Due to the antiquated history of DOS it operates very differently to modern operating systems. It can be extremely difficult to successfully run legacy DOS applications on modern systems. DOS does not have an API such as Direct-X. So programmers for DOS had to include software drivers for any 3rd party hardware they wished to support including audio, graphic and interfaces. This means if you have modern hardware that is not intentionally backwards-compatible with this legacy then the DOS software is not going to be able to recognise and work with it.
This lack of DOS driver uniformity meant hardware support was dependant on the software program rather than the operating system. For optimisation and speed purposes it was common for games and intros to access the hardware directly using a technique known as real address mode. That creates a problem on newer editions of Windows such as 2000, 7, XP and Vista as they block this form of access to the hardware to keep the operating system more secure and stable.
To get around this you can use a DOS emulator which is software that fools DOS and DOS applications into thinking they are running on an old PC with the full hardware access they need. The emulator software is just a Windows program that correctly responds to all the requests by DOS in a way it would expect.
DOSBox is a multi-platform DOS-emulator that is designed to run DOS games on modern operating systems. It has been ported to numerous operating systems including Linux, Mac OS and works like a charm on Windows. By emulating the CPU DOSBox offers both 286 real mode and 386 protect mode as well as XMS/EMS memory configurations. This gives it impressive compatibility with older DOS games as well as many old scene productions and applications. DOSBox also supports Tandy, Hercules (HGA), CGA, EGA, VGA, VESA graphic modes as well as both the Sound Blaster and Gravis Ultra Sound range of sound cards.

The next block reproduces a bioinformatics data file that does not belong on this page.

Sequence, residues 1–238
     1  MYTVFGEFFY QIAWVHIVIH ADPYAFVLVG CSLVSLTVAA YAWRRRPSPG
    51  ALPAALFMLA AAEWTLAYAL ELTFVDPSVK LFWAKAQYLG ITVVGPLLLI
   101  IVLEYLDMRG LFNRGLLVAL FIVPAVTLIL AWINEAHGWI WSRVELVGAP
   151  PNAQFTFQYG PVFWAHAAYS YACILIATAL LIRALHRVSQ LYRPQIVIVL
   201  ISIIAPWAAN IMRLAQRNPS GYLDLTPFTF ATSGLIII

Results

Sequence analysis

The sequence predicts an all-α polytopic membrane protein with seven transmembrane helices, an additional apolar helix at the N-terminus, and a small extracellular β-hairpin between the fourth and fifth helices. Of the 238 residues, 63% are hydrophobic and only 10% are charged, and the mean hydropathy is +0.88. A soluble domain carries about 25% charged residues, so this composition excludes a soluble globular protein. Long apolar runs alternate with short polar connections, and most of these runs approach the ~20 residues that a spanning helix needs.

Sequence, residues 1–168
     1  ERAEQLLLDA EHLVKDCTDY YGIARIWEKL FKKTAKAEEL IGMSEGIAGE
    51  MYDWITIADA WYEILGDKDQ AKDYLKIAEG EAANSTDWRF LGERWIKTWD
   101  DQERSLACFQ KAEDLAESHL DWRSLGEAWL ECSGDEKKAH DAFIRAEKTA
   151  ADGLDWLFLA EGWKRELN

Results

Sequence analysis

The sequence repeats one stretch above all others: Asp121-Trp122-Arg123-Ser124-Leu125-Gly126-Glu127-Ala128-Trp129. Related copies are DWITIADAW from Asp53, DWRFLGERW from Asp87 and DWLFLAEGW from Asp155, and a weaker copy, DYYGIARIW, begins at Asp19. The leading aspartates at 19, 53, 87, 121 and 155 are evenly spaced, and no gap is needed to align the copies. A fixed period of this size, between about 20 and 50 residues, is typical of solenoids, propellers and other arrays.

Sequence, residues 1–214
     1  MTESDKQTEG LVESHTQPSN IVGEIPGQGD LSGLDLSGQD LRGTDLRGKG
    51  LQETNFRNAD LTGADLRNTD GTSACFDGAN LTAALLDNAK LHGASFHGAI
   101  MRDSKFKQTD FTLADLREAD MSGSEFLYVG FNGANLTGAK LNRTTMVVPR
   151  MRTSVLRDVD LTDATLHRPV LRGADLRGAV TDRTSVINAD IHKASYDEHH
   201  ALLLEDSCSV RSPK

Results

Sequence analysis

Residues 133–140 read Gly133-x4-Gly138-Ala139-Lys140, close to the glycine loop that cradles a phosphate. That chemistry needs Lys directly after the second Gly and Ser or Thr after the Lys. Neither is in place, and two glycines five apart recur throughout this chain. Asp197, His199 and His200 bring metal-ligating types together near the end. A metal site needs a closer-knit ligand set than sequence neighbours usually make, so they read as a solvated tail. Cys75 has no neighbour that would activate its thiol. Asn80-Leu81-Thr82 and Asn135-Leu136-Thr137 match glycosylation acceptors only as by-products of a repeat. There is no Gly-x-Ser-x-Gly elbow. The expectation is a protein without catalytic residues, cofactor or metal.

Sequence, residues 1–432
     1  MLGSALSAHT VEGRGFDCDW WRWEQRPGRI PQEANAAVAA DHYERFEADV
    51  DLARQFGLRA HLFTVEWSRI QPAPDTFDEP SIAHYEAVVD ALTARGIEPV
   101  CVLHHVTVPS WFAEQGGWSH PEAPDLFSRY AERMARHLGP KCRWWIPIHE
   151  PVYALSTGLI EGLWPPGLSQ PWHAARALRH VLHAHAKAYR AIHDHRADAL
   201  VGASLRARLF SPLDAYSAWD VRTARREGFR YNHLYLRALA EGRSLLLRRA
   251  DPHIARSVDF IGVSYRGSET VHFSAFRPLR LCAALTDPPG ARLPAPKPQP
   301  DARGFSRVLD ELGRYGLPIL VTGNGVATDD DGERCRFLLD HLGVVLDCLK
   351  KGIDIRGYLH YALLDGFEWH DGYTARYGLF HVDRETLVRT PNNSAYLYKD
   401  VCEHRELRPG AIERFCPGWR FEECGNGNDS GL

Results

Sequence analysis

In our opinion DOSBox is the best way to run older DOS based scene productions on a modern computer.
If you would prefer a Windows graphical user interface to use with DOSBox I would highly recommend D-Fend Reloaded which includes everything you need within a single software package.
To run scene DOS applications and programs I've used a combination of different D-Fend DOS profiles that I run in a sequence of trial and error.
All profiles should change the Graphics render default to a setting to either ddraw or opengl. As this greatly improves DOSBox's performance and often the audio quality.Hardware > Graphics
One of the biggest problems I have encountered with scene programs such as intros and crack-tros under DOS is their poor implementation of audio auto-detection. In general giving these programs access to multiple soundcards will confuse the detection and cause the applications to not load or to crash. So the listed settings turn off all potentially conflicting audio cards and to prioritise the Gravis Ultra Sound which was very popular with programmers of the era. Compared to the Gravis using SoundBlaster audio with intros is at times more buggy and prone to crashing.Hardware > CPU
The GUS wasn't the first soundcard on the market so for the intros that were created in early 1994 and prior I often use this profile as a fall back to SoundBlaster or AdLib audio.Hardware > CPU
Some older intros assume redundant defaults rather than detect settings for Creative SoundBlaster hardware. This profile uses legacy settings to match earlier generations of Creative hardware. Use it as a last resort if you can not gain audio through the previous profiles.Hardware > CPU
This is the troubleshooting profile I use that tries to eliminate any potential problems with running intros and crack-tros within DOSBox. Killing audio emulation usually fixes buggy audio detection implementations. Setting the Video card to VGA sometimes corrects programs that don't work properly with VESA backwards VGA emulation. Some buggy programs crash if they are run at unexpectedly fast CPU cycles so by changing this to a low, fixed setting I try to eliminate this problem.Hardware > CPU
This is my final troubleshooting profile which is much the same as the previous one. The major difference here is the switch of CPU type from auto to 486_slow. I have found on a couple of occasions that there have been some intros that will not run in DOSBox with the automatic CPU Type setting enabled.Hardware > CPU
Defacto2 by Ben Garrett is licenced under CC BY 3.0; except for the file downloads that are © by their respective authors. | This page took 0.126 seconds to load, onpr.